UP: While motorists already may be weary of road construction, taxpayers should be pleased with one of the main focuses of Findlay’s capital improvement plan: roads. Altogether, about $32 million will be spent in 2018 if council gives the go ahead to the plan. That figure includes the city’s share of $7.8 million, plus grants, and state and federal dollars earned for specific projects. The planned projects are wide ranging, but allocate dollars to things that many residents will directly benefit from. Street resurfacing and other repairs will take up $1.7 million; three intersection upgrades will take $375,000; and sewer work and inspections will cost $550,000. The city’s rec center, the Cube, will see HVAC, communication, and safety improvements that could cost over $600,000. No, infrastructure isn’t glamorous or cheap, and no, we’ll never catch up with all the things that need repairs or replaced, but it’s still the best use of tax money.

UP: First wind, now sun. Hardin County is building an impressive resume of alternative energy projects. In the past year, the Hog Creek Wind Farm has spread west from just north of Dunkirk, and could eventually include 30 turbines in all. Now, Hardin is moving into solar on an even bigger scale. Siting permits were approved for the 150-megawatt Hardin Solar Center near Alger, that, once completed, will easily make it the largest solar field in the state. How large? Plans call for an array that’s bigger than 800 football fields. Hardin Solar could generate enough electricity to meet the needs of about 28,000 homes, and if combined with the output from the nearby wind farm, the number rises to about 75,000. Good for Hardin County to be open to alternative energy investments, and the future economic benefits wind and solar should bring.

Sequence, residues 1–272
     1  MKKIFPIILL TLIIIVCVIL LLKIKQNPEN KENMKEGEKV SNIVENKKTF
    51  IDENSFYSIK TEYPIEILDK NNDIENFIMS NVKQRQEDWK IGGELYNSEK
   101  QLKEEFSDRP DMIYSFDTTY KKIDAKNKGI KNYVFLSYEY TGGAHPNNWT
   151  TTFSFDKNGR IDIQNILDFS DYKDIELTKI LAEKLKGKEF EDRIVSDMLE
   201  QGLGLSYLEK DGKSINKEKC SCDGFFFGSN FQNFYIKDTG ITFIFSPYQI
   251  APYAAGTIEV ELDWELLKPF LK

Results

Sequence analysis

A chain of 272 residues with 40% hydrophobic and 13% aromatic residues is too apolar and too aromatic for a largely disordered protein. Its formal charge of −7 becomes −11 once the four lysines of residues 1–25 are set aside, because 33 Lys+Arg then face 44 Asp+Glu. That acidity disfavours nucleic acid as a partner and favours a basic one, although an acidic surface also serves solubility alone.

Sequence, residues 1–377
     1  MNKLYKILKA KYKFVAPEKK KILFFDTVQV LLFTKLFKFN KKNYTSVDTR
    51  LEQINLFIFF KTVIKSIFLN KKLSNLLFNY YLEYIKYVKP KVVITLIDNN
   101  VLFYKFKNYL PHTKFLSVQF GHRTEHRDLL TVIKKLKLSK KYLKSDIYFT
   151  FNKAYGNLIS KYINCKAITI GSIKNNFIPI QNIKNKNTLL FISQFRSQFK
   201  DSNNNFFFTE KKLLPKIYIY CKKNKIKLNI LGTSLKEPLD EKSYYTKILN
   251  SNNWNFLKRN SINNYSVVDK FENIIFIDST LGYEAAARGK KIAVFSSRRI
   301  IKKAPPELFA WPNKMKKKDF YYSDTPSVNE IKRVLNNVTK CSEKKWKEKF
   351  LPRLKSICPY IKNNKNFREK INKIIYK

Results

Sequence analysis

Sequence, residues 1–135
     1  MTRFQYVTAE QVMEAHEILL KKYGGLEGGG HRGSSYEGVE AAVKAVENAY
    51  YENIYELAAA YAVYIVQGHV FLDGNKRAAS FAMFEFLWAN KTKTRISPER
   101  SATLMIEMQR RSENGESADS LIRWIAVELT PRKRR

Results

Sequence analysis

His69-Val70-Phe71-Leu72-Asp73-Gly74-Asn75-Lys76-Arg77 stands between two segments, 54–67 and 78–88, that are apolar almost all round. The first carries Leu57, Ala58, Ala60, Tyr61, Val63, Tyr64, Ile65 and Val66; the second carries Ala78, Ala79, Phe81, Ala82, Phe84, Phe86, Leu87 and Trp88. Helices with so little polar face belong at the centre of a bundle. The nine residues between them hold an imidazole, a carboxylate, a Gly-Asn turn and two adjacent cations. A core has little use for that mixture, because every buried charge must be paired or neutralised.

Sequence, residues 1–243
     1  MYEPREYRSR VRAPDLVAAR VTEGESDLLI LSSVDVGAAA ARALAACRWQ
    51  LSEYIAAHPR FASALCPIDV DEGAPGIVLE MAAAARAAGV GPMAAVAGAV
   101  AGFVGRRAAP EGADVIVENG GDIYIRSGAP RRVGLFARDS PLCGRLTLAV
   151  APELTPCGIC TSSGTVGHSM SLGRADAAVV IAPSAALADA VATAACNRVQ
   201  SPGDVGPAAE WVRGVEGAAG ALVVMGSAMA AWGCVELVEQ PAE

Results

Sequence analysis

UP: If Ohio intends to replace its current voting machines in time for the 2020 presidential election, it must start soon. Most of the machines now in use around the state were purchased more than a decade ago using one-time federal funds under the Help America Vote Act. The Hancock County commissioners learned recently that the state is offering to pay 85 percent of the cost to replace them. Replacement costs for Hancock have been estimated at $5 million, leaving the county with about a $750,000 tab. The commissioners should find a way to fund the county’s share of the upgrade so voters here can test drive the new machines well before the next presidential election.